These articles were published in Chapters of Erie and Other Essays *1871). The mediocrity of the nation’s “statement” constantly irritated him. Adams liked to repeat Pres. Ulysses S. Grant’s remark that Venice would be a fine city if it were drained.
Adams continued his reformist activities as editor of the North American Review (1870-76). Moreover, he participated in the Liberal Republican movement. This group of insurgents, repelled by partisanship and the scandals of the Grant administration, bolted the Republican Party in 1872 and nominated the Democrat Horace Greeley for president. Their crusade soon foundered. Adams grew disillusioned with a world he characterized as devoid of principle. He was disgusted with demagogic politicians and a society in which all became “servant(s) of the powerhouse.”
Americans, he wrote, “had no time for thought; they saw, and could see, nothing beyond their day’s work; their attitude to the universe outside them was that of the deep-sea fish.” His anonymously published novel Democracy, an American Novel (1880) reflected his loss of faith. The heroine, Madeleine is introduced to the democratic process. She meets the President and other figures who are equally vacuous. After her contact with the power brokers, Madeleine concluded: “Democracy has shaken my nerves to pieces.”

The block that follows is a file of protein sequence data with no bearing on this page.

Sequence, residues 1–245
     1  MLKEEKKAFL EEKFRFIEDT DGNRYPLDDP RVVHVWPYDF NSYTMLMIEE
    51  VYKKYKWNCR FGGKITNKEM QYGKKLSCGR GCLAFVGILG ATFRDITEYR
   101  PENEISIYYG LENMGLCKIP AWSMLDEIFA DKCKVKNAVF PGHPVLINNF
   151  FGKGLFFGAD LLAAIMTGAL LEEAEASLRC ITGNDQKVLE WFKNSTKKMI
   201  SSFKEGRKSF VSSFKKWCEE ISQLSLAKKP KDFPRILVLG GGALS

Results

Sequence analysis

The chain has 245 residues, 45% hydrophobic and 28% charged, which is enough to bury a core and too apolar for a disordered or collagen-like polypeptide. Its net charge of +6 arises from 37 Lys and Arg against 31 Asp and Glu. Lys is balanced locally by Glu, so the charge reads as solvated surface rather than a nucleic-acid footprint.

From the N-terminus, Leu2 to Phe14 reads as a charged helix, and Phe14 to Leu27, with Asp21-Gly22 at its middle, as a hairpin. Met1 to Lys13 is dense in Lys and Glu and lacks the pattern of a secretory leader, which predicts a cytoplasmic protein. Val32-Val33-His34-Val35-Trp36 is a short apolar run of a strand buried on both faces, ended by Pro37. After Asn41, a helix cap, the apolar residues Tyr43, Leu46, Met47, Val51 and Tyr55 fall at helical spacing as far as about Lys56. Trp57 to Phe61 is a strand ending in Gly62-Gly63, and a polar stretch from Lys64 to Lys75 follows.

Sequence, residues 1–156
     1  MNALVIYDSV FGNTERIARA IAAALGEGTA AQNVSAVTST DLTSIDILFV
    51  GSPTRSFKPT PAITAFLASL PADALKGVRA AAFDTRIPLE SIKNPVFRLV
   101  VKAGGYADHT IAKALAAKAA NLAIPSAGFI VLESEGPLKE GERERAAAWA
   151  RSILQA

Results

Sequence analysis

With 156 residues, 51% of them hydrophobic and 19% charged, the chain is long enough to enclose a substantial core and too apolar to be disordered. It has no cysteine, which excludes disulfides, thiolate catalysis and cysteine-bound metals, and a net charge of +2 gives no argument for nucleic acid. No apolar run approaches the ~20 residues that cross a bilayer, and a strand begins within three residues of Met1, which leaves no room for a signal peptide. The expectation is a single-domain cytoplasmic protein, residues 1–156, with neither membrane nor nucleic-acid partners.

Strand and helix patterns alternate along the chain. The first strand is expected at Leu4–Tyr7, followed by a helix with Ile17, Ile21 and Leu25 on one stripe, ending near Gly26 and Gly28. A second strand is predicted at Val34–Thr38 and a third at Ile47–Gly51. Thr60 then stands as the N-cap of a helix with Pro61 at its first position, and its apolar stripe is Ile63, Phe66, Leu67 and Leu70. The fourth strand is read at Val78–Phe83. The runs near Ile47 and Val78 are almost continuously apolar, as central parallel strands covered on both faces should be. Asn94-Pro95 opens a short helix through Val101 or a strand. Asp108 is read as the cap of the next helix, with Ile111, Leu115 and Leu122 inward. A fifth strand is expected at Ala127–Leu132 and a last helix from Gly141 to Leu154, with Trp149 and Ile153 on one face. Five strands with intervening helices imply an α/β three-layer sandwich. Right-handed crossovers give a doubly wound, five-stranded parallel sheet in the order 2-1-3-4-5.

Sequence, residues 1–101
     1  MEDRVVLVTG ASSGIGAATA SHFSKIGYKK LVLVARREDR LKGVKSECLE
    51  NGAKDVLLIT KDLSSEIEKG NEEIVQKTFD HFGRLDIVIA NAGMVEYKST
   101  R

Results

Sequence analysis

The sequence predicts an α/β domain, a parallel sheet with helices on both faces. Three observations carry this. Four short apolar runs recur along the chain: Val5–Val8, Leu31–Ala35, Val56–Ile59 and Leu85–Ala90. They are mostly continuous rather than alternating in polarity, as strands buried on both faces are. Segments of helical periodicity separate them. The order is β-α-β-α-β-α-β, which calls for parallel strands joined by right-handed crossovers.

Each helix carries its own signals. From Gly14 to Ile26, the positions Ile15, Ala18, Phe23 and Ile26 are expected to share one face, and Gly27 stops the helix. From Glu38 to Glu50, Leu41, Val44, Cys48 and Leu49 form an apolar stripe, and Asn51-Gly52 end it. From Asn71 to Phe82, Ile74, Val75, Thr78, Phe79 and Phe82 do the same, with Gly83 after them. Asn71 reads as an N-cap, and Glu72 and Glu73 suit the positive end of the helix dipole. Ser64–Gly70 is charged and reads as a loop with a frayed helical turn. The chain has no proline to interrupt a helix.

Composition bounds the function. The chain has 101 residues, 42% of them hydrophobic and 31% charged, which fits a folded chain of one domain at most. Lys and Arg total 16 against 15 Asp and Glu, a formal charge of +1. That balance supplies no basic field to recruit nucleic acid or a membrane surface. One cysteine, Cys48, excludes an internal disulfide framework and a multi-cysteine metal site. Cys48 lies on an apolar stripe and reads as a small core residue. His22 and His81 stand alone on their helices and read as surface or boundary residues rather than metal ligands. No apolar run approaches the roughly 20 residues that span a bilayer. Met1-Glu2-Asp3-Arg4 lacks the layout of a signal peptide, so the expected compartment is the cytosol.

In 1880 Charles W. Eliot, president of Harvard College appointed Adams professor of medieval history. He was the first American to employ the seminar method in teaching history. In 1877 he resigned to edit the papers of Thomas Jefferson’s treasury secretary, Albert Gallatin. Pursuing his interest in U.S. history, Adams completed two biographies, The Life of Albert .Gallatin (1879) and John Randolph (1882). He continued to delve into the nation’s early national period, hoping to understand the nature of an evolving American democracy.
This study culminated in his nine-volume History of the United States of America during the administrations of Jefferson and Madison (1889-91), a scholarly work that received immediate acclaim. In this work he explored the dilemma of governing an egalitarian society in a political world in which the predominant tendency was to aggrandize power. In 1884 Adams wrote another novel, Esther. Published under a pseudonym, Esther dealt with the relationship between religion and modern science, a theme that engaged Adams throughout his life. – (C.McH.)